Victor (4959fb)

  23. @22.I don’t understand why imprisoning Trump would make Putin smile.

    … and Putin laughed.

    DCSCA (f4c5e5)

  24. “If you don’t prosecute Trump, it sends the message that all that he did was acceptable.”

    Congress, the very embodiment of America’s lawmakers themselves, tried via impeachment.

    Twice.

    And failed.

    Twice.

    Justice finds a way… but it won’t be through the legal system. Hair loss might do it.

    DCSCA (f4c5e5)

  25. Kevin M (ab1c11) — 3/12/2021 @ 10:12 am

    Trump arranged for that crowd to be there.

    Or some of it. He didn’t provide buses. but he should have known who was involved.

    He had told known extremists to stand ready.

    This was stumbling over words. The media ddn;’t have to amplify it. It should have been “stand down.” Anyway, he never did more

    He exhorted the crowd to march to the Capitol and “fight.”

    A metaphor, and he also wanted members of Congress to fight. He wanted them to go a second scheduled rally, at which he intended to speak. That whole second rally seems to have disappeared into the memory hole.

    When and how his appearance was cancelled – or even the question of whether his plans were real – is extremely important.

    The moment you can show that he intended them to enter the building and intimidate, harm or otherwise hunt down the Members who were not doing his bidding, he has literally committed Treason.

    If he intended to speak at the Capitol, he could not have intended the riot.

    What C Vance is investigating him for is mainly using different evaluations of real estate for property tax purposes and for loans. Maybe in theory it is supposed to have one real value.

    Sammy Finkelman (4227f2)

  26. Congress, the very embodiment of America’s lawmakers themselves, tried via impeachment.

    Twice.

    And failed.

    Twice.

    Sorry buddy, that’s not a legitimate criminal prosecution because many of the jurors were part of Trump’s effort to reverse the election outcome.

    Traitors.

    Dustin (4237e0)

  27. @26. ‘Congress Illegitimate.’

    Film at 11.

    Thank you, Dustin.

    DCSCA (f4c5e5)

  28. What President Plagiarist should do is steal a move from Jerry Ford and pardon Trump. Force him into a defensive position to either accept it or reject it, a la Nixon. As Ford would tell you, by accepting it, it is a tantamount acknowledgement of guilt. If he rejects it- keep going after him in the state courts anyway.

    DCSCA (f4c5e5)

  29. Congress, the very embodiment of America’s lawmakers themselves, tried via impeachment.

    Twice.

    And failed.

    Twice.

    Jurors in criminal trials are vetted for any hint of bias for against the accused. That doesn’t happen in an impeachment trial. The people who whine that part of Congress was biased against Trump always ignore the fact that the other part was (mostly) biased in his favor and saw it as being in their own self-interest to acquit him.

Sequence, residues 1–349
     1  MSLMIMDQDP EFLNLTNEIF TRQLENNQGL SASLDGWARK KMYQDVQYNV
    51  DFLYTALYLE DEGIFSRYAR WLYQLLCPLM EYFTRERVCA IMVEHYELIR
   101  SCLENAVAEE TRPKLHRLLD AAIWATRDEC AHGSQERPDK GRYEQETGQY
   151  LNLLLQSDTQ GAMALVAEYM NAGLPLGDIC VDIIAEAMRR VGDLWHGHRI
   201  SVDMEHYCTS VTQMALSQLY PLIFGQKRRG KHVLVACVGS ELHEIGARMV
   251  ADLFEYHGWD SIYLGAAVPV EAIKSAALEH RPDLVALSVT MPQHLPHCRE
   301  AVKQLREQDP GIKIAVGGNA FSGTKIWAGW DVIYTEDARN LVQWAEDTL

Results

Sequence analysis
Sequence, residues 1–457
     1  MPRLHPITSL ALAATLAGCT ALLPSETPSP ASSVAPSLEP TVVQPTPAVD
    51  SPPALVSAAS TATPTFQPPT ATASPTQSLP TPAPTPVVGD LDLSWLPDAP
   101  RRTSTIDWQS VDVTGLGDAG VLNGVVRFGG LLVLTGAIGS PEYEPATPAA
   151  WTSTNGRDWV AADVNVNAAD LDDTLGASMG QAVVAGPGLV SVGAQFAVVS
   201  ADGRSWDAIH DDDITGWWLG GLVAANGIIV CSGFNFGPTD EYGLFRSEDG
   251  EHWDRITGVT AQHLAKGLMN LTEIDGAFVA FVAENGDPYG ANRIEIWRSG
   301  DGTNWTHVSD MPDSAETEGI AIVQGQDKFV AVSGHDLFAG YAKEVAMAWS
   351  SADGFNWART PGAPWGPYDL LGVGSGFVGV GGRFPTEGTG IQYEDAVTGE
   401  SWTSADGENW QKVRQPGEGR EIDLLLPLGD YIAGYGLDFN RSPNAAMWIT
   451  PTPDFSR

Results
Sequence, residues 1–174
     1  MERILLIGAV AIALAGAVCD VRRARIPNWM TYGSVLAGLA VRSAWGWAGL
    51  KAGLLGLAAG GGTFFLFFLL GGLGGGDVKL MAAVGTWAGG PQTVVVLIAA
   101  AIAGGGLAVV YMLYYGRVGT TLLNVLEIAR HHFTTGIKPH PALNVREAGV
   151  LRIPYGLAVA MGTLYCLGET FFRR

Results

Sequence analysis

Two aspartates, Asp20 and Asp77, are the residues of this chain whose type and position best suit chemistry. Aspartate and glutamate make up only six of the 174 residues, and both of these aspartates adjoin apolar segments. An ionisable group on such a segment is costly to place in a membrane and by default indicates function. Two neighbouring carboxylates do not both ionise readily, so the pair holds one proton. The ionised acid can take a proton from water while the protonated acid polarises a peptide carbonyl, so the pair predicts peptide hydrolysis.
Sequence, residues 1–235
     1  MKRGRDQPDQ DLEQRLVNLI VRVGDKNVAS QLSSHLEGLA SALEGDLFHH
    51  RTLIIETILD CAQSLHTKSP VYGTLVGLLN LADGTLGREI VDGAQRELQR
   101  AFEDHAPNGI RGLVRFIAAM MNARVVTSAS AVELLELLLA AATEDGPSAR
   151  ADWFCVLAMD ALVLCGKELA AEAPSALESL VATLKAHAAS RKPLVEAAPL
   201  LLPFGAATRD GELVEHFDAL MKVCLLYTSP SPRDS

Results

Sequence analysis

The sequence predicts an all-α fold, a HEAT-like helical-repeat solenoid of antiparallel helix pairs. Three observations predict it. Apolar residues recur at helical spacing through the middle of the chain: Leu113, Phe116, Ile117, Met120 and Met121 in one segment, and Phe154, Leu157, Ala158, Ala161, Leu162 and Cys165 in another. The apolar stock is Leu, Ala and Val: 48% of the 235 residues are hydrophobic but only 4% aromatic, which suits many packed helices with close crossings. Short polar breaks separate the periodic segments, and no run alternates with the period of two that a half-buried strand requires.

Radegunda (f4d5c0)

  30. Hit it, Billy:

    https://www.youtube.com/watch?v=iM4LzEcaTK0

    Breaking – NY’s Schumer & Gillibrand call on Cuomo to resign.

    “Bayonets!!!” — Col. Joshua Lawrence Chamberlain [Jeff Daniels] ‘Gettysburg’ 1993

    DCSCA (f4c5e5)

  31. @29. Nobody cares, R. If ‘the greatest ‘deliberative body’ full of lawmakers blew it twice; who gives a damn about a corrupt state government wasting resources on it now as well.

    Americans are moving on from the pandemic- and Trump.

    PBS has been running their series on the life and death of the circus. There’s a lot of Trump parallels in it.

    DCSCA (f4c5e5)

  32. @2.

    Manhattan DA Cy Vance announces he won’t run for reelection

    Manhattan DA Cy Vance announces he won’t run for reelection March 12, 2021, 6:40 AM

    Manhattan District Attorney Cy Vance, Jr. has announced that he will not seek reelection for a fourth term in office, which would begin January 2022.

    ____

    Cy Vance announced Friday he would not seek another term as Manhattan District Attorney, a position he used to prosecute Harvey Weinstein and investigate former President Donald Trump. Vance is departing this December after more than a decade atop one of the most prominent and powerful prosecutors’ offices in the country. – nbc.com

    DCSCA (f4c5e5)

  33. @29. Nobody cares, R. If ‘the greatest ‘deliberative body’ full of lawmakers blew it twice; who gives a damn about a corrupt state government wasting resources on it now as well.

    Americans are moving on from the pandemic- and Trump.

    PBS has been running their series on the life and death of the circus. There’s a lot of Trump parallels in it.

    DCSCA (f4c5e5) — 3/12/2021 @ 2:57 pm

    I care and you care even more than I do.

    Dustin (4237e0)

  34. @33. I care and you care even more than I do.

    Congress blew it, so don’t bet on it.

    DCSCA (f4c5e5)

  35. what did they blow? removing Trump from office? He’s not in office.

    Dustin (4237e0)

  36. 6 “… Is that how investigations normally work?”

    It depends. There are two types of investigations. In one you start with the crime and try to figure out who did it. In the other you start with the potential defendant and try to find a crime you can charge him with. Obviously the second type can be abused.

    James B. Shearer (f7721e)

  37. “So let’s see if Trump is guilty. ..”

    It depends on what he is guilty of. If it is something that isn’t normally criminally prosecuted the prosecution is going to be seen as political.

    James B. Shearer (f7721e)

  38. If it is something that isn’t normally criminally prosecuted the prosecution is going to be seen as political.

    He should shoot children dead in a schoolyard and many would view the prosecution as political. Some would say the kids had it coming.